Founded in the mid-1950s, the Sun Ra Arkestra became the primary conduit through which polymath jazz composer, bandleader, pianist, poet, and philosopher Sun Ra expressed his visionary perspective. Sun Ra’s mythology transposes the forced dislocation of the African diaspora from slave ship to spaceship, wielding technology and music as an instrument for utopian black interplanetary migration, with the Arkestra as its vehicle. When Sun Ra left planet Earth in 1993, his role as leader of the Arkestra was taken by John Gilmore before the latter’s ascension in 1995, when Marshall Allen assumed its helm. An alto saxophonist, flautist, and electronic valve instrument player who joined the Arkestra in 1958, Allen lived, rehearsed, toured, and recorded with Sun Ra almost exclusively throughout his musical career. At age 93, Allen is the only living member of the Arkestra’s original core group, but maintains that its current incarnation is no ghost band. To the contrary, for Marshall Allen, Sun Ra is not gone. Allen and the other members of the Arkestra continue to live at the Sun Ra residence in Philadelphia, the group’s communal base of drug, alcohol, and sex-free operations since 1968. There, Allen writes fresh arrangements of Sun Ra’s tunes and composes new music for the Arkestra, committed to a life of discipline centered on the further development of Sun Ra’s musical precepts. With such a massive, joyous songbook that encompasses spiritual grooves, sing-along chants and ecstatic fire music, the Arkestra continues to traverse their namesake’s spaceways. As far back as the ‘50s, Sun Ra used to say that the Arkestra was playing the music of the twenty-first century. In today’s political climate their message is more relevant than ever.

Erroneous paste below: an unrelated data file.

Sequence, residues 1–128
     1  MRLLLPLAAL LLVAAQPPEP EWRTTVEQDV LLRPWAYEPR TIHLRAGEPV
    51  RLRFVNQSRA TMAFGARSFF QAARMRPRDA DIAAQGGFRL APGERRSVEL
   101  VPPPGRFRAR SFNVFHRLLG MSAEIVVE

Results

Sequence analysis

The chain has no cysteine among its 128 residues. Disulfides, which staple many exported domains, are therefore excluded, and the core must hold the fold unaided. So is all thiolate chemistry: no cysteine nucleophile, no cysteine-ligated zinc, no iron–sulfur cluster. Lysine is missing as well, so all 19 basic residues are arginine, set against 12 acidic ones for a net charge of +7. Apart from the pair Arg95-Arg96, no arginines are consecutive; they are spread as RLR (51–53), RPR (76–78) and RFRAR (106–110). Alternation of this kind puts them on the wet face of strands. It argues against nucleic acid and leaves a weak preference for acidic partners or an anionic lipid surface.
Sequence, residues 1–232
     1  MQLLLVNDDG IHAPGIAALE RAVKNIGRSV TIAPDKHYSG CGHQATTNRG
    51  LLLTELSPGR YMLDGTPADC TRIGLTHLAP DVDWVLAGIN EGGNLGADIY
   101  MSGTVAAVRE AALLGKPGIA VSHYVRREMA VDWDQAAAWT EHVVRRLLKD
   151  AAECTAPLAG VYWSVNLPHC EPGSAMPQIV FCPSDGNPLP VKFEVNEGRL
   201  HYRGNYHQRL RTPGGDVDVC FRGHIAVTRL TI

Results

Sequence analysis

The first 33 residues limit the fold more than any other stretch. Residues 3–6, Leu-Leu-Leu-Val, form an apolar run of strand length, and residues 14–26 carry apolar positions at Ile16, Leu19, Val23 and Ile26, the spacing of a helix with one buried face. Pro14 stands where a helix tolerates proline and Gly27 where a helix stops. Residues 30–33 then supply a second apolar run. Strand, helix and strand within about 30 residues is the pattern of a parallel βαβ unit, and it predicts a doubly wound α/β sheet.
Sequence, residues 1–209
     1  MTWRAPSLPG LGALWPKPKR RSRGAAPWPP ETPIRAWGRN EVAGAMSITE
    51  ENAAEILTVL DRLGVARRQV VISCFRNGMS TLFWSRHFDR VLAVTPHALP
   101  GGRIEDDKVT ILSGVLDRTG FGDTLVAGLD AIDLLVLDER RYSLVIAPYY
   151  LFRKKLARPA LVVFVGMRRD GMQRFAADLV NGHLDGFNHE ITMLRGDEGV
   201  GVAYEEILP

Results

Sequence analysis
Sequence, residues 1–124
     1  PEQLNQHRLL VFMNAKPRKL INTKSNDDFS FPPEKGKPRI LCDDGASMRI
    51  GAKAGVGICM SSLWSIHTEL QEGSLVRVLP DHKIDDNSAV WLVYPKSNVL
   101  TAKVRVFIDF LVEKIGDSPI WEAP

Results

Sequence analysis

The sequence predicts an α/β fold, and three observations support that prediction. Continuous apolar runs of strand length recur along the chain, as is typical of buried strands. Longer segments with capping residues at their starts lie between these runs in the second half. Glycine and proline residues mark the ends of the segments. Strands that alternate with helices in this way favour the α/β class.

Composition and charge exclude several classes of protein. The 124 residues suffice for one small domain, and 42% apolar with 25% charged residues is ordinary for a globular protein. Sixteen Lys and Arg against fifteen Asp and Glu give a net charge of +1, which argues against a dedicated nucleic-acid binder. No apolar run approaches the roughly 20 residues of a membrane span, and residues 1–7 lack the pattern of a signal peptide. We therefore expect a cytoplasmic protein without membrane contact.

Blank Forms has curated a program of music and poetry as part of Josiah McElheny’s new solo show, Observations at Night. McElheny’s sonic sculpture, “Moon Mirror,” will function as both an acoustic reflector and an open stage-like platform for performances, as part of an exhibition of optically dynamic paintings and sculptures inspired by cosmic revolutionary figures like Joe McPhee and Sun Ra Arkestra singer June Tyson. Tyson’s optimistic communication of the potential for world-building beyond the painful alienation of presiding earthly visions serves as the focal point for the series’ interrogation of how music and poetry might illuminate new pathways of resistance to our troubled political climate. An international assembly of artists from a diverse spectrum of creative improvising idioms have been selected to use McElheny’s parabolic structure as a catalyst for explorations of both acoustic feedback and social interaction between performers and audiences from heterogeneous cultural spheres. Featuring performers pulling inspiration from black American free jazz as well as experimental music, deep listening, and folk traditions of Korean, Japanese, Iraqi, Indonesian, and Persian music, the surreal convergence of mysteries of light and sound proposes that we might today not only pass through what can feel like a dream or nightmare state but find something here, visible or audible in the twilight that can lead into a cosmic future.